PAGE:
VNA has been providing trusted home care for over 40 years. Home care is a relationship built on trust, allowing professional caregivers to enter your home to deliver care so you or your loved one can age independently and safely at home. Therefore, it is important to think of your loved one’s safety when exploring your home care options. For the VNA, delivering quality care means putting their safety first.
The VNA is a licensed and accredited organization that employs its staff. As an agency, we are responsible for the actions of our staff and implement policies to protect our clients. VNA staff undergoes Level II background screenings, driving checks and are randomly drug tested. In addition, the VNA provides its staff with ongoing education opportunities to ensure that our nurses, home health aides, clinicians and staff have the most up to date information available.
A private hire is simply that – someone who is autonomous and works for themselves without any reporting to supervisors. When it comes to hiring a private caregiver, the responsibility of doing a background check, drug test and purchasing insurance falls solely on the client.
Unlike Medicare-reimbursed home health care services, the patient has full control over their plan of care, including how much or little care they wish to receive. As we age, our needs change. Private care services allow for this flexibility of care, and there is no limit for how much care you can receive.
Private care offers its clients a multitude of benefits such as:
- Peace of mind for you or your loved one
- Ability to live safely and independently at home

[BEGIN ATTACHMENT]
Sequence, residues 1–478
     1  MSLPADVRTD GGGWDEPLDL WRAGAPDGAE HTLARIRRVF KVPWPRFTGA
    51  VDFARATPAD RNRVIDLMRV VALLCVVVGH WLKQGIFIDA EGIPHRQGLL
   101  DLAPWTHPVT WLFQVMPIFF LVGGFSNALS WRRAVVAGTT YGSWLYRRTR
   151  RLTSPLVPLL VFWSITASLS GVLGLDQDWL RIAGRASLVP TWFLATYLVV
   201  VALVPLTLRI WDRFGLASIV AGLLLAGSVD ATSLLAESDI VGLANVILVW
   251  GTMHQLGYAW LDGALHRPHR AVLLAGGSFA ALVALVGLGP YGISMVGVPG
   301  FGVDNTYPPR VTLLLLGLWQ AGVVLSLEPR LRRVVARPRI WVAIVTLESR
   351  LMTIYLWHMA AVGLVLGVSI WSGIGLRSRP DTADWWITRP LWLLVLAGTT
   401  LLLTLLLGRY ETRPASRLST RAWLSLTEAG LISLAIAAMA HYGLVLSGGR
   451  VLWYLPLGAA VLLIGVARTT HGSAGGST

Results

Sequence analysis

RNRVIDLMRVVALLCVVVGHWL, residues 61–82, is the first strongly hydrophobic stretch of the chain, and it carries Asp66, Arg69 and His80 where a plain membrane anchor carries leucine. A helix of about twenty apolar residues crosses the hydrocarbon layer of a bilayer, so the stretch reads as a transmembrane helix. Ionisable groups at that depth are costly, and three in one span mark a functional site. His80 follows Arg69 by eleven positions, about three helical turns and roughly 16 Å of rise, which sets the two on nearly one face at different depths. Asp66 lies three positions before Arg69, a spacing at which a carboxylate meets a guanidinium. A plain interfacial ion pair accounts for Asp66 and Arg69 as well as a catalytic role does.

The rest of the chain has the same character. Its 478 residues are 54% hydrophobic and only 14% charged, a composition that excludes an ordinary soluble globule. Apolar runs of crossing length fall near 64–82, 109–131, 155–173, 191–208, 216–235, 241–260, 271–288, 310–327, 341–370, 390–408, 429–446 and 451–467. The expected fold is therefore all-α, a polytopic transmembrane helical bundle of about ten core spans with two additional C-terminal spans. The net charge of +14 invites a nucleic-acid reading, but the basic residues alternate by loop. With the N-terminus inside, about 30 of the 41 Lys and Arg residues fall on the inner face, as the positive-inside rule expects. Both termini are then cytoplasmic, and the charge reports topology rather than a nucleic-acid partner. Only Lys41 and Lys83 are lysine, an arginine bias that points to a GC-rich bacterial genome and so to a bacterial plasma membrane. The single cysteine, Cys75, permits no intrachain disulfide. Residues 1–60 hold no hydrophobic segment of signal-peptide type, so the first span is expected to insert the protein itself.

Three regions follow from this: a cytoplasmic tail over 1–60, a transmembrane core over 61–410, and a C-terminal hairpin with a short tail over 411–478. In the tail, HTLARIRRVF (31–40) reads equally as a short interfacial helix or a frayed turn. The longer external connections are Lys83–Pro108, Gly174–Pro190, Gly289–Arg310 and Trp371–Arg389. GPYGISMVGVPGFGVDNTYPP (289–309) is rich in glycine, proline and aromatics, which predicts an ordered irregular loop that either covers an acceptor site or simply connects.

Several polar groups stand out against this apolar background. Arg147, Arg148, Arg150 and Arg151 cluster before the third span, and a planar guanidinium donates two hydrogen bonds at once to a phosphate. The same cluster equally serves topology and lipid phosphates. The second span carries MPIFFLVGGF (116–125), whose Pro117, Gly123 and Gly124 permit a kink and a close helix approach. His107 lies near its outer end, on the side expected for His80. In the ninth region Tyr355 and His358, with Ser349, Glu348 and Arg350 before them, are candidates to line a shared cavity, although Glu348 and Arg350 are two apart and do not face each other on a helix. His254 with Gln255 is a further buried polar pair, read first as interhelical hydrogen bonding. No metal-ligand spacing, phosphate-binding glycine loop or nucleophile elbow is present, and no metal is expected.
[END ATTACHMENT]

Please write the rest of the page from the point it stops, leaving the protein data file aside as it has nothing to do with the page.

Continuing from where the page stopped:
- Professional caregivers to oversee their health and wellbeing
Private care services, sometimes referred to as “private duty” or “private pay” services, are in-home, non-medical services you, as the client, are able to dictate as far as what type of care you need and how often you need it. We accept long-term care insurance, VA benefits, self-pay, health savings accounts, and more.
Some family caregivers experience resistance from their loved ones about hiring professional caregivers. There are many reasons why your loved one might express unwillingness to accept help. He or she may believe they don’t need the extra help, or perhaps they believe you will become distant from them once professional help is hired. They might also be wary of the idea of allowing professional caregivers they don’t know into their homes.
If your loved is declining outside help, try explaining to him or her that utilizing private care services is to help you. Express to them that you are the one who needs the extra support, and by allowing professional caregivers to assist with some of the day-to-day responsibilities, your loved ones will be doing you a favor. This may also allow for you to have more time to enjoy being the spouse, child or friend you are to them.